Tag Archive: laurence fishburne


idris-elba-mandela1

The first thing that struck me as I watched this film is how this man’s life, this man’s real life, would be completely unbelievable if presented as a fictional character.  This adaptation of his autobiography is epic when presenting the African continent, and claustrophobic when showing his Mandela’s decades in prison.  It’s as solid as a film can probably be to try to capture this man’s life.

Idris is solid in the title role; in capturing his entire life, Elba is probably the best suited actor right now to play Mandela as a younger, more sexualized Mandela (no disrespect to Mr. Freeman or Fish). Just my personal opinion, but the real star of the film is Naomie Harris as Winnie.  If you only know her as Moneypenny, this part is a revelation.  The camera loves her, and her character arc is more interesting than the well known mythology of Nelson.  For what it’s worth, combine this with ‘Beasts of No Nation’, and this is the second time lately where Idris is the headliner but his co-star takes the movie. As an actor and a filmmaker, this kind of ‘generosity’ makes me like him even more.

Streaming on Netflix now.  Didn’t do what it was expected to do last awards season, but still worth watching.

baffleck

(sipping tea…)

My gut tells me if Bale was in this trailer, I’d be all over this.  My gut also tells me that it was the right decision by all parties to move in a new version of the Dark Knight.

I’m very biased since this week since I’ve started rebuilding my own body, but as I’ve left the gym behind, I like the little cut of Bruce pulling the monster tire truck to get his core back in shape.

(sipping…)

Zod is in there (his body at least), Luthor obviously, the Joker is implied…and I still don’t feel like they’ve revealed the main villain of this movie just yet.

Speaking of, we already knew Eisenberg can play the socially maladjusted, arrogant genius, so seeing him in clip form…he might actually be a decent Lex Luthor.  Maybe…

The 9/11 allusions are a nice touch to set up the ‘why’: A skyscraper comes down in the middle of the day, hundreds if not thousands of people die.  This is reality based.  Warners is obviously trying to set up their own Avengers, but good for them IF they stay away from literally trying to duplicate the tone/style of the Avengers.

‘Nobody wants to see Clark Kent take on the Batman!’ – YOU TELL HIM FISH!

(sipping…)

‘How many good guys are left? How many stay that way?’ – Oh, now you have my attention!

I’m not hyped for this still.  But…it may not be as bad as we first thought…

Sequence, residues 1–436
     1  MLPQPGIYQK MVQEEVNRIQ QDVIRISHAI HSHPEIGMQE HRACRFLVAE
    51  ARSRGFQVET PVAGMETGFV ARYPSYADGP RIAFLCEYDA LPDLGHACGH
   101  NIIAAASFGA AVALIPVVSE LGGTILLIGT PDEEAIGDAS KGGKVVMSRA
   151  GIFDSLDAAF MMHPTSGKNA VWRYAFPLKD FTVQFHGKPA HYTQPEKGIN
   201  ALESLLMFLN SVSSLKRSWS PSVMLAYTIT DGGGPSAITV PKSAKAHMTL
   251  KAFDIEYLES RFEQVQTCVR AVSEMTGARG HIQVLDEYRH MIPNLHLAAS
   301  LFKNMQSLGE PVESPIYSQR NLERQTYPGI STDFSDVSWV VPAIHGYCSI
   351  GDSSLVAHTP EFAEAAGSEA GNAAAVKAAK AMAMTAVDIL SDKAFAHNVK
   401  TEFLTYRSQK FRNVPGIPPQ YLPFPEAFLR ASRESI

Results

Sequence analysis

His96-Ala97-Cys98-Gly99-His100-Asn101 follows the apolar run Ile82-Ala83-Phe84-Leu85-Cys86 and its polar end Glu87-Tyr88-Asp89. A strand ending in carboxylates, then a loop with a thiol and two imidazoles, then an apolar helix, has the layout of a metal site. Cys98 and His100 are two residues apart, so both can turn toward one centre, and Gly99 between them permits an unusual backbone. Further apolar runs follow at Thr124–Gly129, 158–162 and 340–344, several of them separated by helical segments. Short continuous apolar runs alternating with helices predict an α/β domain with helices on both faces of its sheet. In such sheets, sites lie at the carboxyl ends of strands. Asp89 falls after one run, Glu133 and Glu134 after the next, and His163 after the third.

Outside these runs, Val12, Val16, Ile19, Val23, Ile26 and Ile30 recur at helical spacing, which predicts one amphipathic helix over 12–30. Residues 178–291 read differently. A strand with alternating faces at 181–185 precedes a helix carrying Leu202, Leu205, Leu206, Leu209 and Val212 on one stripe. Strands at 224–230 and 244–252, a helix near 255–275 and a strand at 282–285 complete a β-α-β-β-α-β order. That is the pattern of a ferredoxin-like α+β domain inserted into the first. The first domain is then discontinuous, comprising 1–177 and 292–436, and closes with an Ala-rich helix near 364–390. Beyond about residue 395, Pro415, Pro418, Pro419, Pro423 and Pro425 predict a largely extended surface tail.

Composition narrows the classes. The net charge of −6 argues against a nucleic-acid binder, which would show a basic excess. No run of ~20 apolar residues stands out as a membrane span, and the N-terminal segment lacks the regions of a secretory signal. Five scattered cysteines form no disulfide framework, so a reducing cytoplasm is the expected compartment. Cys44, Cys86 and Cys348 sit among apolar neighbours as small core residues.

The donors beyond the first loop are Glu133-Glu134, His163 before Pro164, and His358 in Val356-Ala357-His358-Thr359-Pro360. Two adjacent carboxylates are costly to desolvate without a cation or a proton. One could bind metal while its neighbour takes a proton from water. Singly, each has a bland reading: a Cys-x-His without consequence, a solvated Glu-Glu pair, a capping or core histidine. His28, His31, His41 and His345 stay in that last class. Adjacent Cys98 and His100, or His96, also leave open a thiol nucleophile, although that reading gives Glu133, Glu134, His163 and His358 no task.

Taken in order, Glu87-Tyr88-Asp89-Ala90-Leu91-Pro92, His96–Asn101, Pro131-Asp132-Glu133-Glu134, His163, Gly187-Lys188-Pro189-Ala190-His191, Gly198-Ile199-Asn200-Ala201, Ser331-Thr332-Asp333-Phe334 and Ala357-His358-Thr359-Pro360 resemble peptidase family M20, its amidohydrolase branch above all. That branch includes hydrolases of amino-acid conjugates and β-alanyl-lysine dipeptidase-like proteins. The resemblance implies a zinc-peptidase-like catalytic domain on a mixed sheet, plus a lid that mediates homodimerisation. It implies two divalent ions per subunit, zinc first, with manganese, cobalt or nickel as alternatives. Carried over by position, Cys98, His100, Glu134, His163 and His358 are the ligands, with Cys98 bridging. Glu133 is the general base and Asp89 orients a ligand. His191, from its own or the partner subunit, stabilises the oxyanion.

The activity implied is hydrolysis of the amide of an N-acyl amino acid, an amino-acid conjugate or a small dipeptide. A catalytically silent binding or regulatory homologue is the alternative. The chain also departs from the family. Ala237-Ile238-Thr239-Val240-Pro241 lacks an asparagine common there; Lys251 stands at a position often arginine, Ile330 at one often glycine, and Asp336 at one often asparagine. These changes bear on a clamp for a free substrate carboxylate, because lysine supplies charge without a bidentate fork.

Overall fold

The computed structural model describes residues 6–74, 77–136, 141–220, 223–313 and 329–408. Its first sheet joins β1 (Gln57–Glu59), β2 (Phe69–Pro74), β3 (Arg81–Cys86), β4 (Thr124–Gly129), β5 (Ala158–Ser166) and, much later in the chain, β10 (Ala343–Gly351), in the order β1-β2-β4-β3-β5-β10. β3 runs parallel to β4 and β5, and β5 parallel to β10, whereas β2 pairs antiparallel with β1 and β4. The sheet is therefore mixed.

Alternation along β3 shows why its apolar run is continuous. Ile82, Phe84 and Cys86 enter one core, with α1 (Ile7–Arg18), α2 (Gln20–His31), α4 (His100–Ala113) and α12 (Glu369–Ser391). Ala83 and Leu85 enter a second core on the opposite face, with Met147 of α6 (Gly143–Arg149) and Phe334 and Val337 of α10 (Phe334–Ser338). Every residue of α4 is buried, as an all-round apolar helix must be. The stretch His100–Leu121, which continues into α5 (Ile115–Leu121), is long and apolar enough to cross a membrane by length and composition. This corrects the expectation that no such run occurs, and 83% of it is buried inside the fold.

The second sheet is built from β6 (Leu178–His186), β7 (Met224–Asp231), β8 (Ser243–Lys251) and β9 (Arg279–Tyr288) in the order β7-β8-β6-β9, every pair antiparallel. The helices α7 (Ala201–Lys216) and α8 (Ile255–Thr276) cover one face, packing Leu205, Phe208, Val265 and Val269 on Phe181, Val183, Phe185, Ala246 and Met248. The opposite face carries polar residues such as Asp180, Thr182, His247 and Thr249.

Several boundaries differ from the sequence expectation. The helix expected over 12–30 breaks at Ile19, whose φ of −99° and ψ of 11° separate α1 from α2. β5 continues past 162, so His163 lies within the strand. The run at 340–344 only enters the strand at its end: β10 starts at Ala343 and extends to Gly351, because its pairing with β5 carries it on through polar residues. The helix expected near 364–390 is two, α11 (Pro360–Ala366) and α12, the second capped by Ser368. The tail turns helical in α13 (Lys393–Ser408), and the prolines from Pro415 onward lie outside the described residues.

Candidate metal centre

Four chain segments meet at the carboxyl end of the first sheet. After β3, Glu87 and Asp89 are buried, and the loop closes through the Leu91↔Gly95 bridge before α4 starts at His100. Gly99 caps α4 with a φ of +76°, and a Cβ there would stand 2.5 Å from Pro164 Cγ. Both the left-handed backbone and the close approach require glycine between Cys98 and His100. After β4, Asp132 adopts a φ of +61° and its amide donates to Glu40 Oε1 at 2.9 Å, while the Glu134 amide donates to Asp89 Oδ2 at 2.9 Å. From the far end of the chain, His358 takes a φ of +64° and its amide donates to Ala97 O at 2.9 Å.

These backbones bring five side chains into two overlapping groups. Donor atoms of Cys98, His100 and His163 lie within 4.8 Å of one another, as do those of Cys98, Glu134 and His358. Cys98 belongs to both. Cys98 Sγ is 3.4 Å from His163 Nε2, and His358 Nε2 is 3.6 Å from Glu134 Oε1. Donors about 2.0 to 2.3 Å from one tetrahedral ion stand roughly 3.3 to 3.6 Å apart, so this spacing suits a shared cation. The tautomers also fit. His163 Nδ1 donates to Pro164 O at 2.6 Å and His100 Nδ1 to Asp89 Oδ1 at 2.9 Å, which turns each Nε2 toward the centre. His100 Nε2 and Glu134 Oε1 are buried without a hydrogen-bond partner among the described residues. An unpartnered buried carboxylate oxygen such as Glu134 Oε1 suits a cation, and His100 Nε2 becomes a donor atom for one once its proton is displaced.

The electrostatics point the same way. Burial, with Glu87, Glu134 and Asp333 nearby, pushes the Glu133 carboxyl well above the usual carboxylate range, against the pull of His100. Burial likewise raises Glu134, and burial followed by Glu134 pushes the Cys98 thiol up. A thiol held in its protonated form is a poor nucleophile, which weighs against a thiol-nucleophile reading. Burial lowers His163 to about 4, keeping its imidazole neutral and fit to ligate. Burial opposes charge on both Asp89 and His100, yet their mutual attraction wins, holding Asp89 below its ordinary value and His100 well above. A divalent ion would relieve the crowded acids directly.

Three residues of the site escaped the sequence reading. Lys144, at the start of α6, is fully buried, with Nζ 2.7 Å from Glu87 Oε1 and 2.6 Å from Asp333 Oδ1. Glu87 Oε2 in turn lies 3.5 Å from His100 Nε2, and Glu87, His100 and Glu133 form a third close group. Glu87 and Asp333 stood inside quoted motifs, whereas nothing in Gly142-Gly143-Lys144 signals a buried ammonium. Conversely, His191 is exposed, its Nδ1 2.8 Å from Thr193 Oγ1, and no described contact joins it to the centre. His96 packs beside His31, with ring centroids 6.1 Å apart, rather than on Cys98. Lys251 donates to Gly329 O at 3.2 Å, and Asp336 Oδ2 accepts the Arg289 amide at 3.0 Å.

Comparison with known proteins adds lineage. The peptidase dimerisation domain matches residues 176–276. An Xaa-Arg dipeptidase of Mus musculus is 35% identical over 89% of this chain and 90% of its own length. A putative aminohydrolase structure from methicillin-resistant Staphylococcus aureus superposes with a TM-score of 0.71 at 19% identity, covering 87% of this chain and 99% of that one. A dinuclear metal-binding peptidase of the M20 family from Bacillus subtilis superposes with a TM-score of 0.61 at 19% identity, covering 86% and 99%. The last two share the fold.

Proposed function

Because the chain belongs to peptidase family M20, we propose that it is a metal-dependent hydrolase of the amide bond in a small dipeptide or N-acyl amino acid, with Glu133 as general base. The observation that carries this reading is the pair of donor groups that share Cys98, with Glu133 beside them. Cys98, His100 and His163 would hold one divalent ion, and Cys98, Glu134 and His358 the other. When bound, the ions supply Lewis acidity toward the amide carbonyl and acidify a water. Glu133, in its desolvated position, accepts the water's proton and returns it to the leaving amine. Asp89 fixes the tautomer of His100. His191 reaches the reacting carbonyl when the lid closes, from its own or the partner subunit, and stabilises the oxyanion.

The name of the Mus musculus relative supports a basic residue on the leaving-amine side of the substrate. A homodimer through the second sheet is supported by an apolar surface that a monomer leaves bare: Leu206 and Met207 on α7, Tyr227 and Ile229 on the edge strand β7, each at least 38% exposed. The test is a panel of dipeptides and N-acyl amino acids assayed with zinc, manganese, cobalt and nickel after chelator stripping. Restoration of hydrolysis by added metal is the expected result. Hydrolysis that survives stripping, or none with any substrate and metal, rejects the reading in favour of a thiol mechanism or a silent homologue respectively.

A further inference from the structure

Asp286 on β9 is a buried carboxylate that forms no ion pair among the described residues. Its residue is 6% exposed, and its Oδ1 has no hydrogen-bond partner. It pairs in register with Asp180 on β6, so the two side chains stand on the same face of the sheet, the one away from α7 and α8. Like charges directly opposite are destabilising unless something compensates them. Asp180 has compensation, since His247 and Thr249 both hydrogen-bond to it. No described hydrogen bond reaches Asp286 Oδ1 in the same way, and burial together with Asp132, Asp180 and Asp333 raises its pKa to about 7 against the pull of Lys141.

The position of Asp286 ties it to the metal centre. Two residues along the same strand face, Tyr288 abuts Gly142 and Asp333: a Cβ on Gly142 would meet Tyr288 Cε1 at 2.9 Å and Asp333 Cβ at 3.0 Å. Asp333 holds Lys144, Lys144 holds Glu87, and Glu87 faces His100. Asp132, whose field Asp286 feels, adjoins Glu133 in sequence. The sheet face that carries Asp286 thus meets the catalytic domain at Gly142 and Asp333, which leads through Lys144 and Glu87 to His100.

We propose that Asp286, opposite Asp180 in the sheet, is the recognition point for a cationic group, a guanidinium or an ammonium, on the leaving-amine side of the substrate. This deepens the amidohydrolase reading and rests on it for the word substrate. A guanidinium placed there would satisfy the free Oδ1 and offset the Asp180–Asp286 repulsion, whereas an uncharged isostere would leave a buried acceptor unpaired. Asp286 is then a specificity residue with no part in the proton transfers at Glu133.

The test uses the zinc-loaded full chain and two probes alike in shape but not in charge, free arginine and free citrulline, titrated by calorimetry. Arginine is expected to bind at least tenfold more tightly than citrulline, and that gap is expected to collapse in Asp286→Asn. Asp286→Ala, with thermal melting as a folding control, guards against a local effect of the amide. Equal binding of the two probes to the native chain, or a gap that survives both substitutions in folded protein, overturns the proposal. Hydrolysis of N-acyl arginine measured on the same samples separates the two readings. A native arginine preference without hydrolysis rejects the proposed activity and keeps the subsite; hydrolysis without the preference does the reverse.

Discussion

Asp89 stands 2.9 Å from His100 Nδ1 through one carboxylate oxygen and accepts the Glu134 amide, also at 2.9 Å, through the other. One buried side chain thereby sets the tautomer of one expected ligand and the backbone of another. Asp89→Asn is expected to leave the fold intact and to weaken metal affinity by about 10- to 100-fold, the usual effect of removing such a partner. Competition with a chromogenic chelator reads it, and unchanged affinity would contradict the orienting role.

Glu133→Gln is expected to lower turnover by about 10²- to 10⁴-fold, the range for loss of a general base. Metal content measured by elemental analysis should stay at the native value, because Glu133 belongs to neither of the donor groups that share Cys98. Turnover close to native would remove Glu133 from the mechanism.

boyz-n-the-hood

Boyz N The Hood was the debut film by writer/director John Singleton.  The semi-autobiographical tale revolves around three young black men, Tre, Ricky, and Doughboy, and their daily lives growing up in South Central Los Angeles.

On to the tale of the tape…

Relevance:  While the phrase ‘black film’ can take on many different meanings (as this countdown hopefully illustrates), Boyz N The Hood is the type of film that is universally agreed to represent the ultimate prototype.  Black director, black writer, black cast, black soundtrack, black setting, black story.  Spike had already proven there was a modern audience for black film; in mimicking the rise of West Coast hip hop, John opened America’s eyes to a very real ‘street’ sensibility that was getting louder and prouder.

Legacy:     So many careers and trends can be traced to this film.  John Singleton obviously, but also Ice Cube, Morris Chestnut, Nia Long, and Cuba Gooding Jr. started their rise with this film.  The good and bad ‘hood’ films (Menace II Society, and countless others) wouldn’t have gotten made without Boyz.  While Spike was the clear pioneer, John’s success told both Hollywood and future filmmakers that there was room for more than one black storyteller at a time.  That might be the greatest legacy.

Craft:  Rewatching it years later, there are points where the film is undeniably ‘preachy’.  (And the Wayans absolutely slaughtered this point to death in their parody, Don’t Be a Menace).  That aside, the film’s structure is fairly classical.  Three brothers, one undeniably good (Tre), one undeniably bad (Doughboy), and one good who has some ties to the bad (Ricky).  The presence of the father figure (Furious) is somewhat on the nose, but no one can take away from the great performance of Laurence Fishburne.